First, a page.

Mention “energy conservation” to makers of industrial pumps and the words will either strike fear or spell opportunity.
Firmly in the opportunity camp is Finish Thompson, a designer and manufacturer of chemical process, drum and barrel pumps based in Erie, PA. Finish Thompson used CFdesign up-front CFD software to double the efficiency of its new line of DB series of magnetic drive pumps. As a result, the company’s pumps can save customers thousands of kilowatt-hours per year on electric bills. Internally, use of up-front CFD reduced total product development time for the DB series by an estimated 33 percent and cut testing time from months to weeks.
New Path to Efficiency
Efficiency has always been a key market differentiator for Finish Thompson. In the past, arriving at the most efficient design meant waves of physical testing in an effort to maximize flow rate and differential pressure, while minimizing input power. At the end, there was always the feeling that there could have been greater efficiency gains, if only designers could see what was going on inside the pump.
A couple of years ago, plans to redesign the DB series led Finish Thompson’s Engineering Manager Dan Roll and Design Engineer Chad Best on a search to find how they could incorporate CFD into their product development process.
Neither Roll nor Best had CFD experience or the desire to become specialists in that area. Their roles were clear: to design and engineer great products. Hiring a CFD specialist and buying specialized software that worked outside of their proven CAD processes was also not an option.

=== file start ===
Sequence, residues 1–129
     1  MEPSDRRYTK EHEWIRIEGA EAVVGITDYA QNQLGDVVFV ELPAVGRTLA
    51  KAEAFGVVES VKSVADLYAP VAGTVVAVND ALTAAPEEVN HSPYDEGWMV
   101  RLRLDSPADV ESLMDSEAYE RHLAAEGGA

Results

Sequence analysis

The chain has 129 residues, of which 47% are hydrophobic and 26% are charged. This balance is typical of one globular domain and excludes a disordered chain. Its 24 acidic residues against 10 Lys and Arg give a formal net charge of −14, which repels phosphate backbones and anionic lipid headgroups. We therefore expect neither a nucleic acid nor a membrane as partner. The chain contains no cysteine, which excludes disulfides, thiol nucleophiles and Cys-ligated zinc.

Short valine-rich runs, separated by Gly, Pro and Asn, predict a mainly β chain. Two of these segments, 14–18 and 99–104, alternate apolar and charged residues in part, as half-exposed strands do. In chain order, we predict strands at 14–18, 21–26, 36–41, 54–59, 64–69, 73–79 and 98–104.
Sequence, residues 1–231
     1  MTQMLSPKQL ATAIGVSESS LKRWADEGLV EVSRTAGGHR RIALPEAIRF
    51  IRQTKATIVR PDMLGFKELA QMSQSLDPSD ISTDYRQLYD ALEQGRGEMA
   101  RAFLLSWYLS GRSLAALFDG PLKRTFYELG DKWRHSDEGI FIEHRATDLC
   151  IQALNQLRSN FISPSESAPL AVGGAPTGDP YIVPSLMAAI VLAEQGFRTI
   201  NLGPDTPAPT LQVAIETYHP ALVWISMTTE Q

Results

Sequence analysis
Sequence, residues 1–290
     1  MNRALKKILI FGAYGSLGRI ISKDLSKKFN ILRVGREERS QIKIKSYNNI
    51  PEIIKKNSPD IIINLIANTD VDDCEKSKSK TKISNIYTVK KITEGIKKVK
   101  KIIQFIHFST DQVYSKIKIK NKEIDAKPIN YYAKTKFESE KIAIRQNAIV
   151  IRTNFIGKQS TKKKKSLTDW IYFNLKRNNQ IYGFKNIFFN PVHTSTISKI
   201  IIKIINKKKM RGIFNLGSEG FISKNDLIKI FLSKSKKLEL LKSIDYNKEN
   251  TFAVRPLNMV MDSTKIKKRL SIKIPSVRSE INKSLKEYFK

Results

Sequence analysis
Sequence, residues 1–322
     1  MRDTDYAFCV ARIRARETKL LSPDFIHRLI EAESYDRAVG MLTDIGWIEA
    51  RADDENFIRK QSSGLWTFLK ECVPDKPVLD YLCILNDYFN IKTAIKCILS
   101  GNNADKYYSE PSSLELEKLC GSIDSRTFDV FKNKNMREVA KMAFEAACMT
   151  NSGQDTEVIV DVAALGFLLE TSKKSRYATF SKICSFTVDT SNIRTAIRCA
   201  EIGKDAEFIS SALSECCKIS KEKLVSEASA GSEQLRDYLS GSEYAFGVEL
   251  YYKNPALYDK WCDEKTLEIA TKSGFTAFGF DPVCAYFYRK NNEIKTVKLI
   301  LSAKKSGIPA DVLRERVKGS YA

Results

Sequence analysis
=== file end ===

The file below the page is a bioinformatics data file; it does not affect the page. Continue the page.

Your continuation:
“We wanted to spend our time doing design, not becoming CFD specialists,” says Roll. Finish Thompson needed “a tool to make a product,” he says. He didn’t want to take on a whole new discipline that would add more layers of complexity to the design process.
After intense evaluation of three or four product providers, Roll and Best decided on CFdesign software from Blue Ridge Numerics.
CFdesign differs from traditional CFD systems in that it works directly with the native geometry of the CAD software used to create the product model. This eliminates the time-consuming process of translating CAD geometry to fit the parameters of the CFD software. Engineers gain insight into pump performance early in the product design process, cutting development time and substantially reducing the amount of physical prototyping and testing required.
Getting the Model Right
The first step for Finish Thompson was arriving at a model that would meet their needs and maximize the benefits of CFdesign. Best started by running simulations of existing products created in SolidWorks. He found he could reduce computing time by eliminating parts of the model he felt were not critical for efficiency testing.
“We found that the simplified models gave us similar results to the full models, but were much faster to run and much easier to set up,” says Best. Most importantly, the CFdesign results for existing products matched those from physical lab tests.
Armed with this information, Roll and Best compiled a list of design parameters for the new DB series pump. An impeller and housing were designed in SolidWorks. Small clearances and non-essential geometry were removed to provide a model that was still accurate for the results the design team wanted to achieve, but would run much faster than a fully detailed model.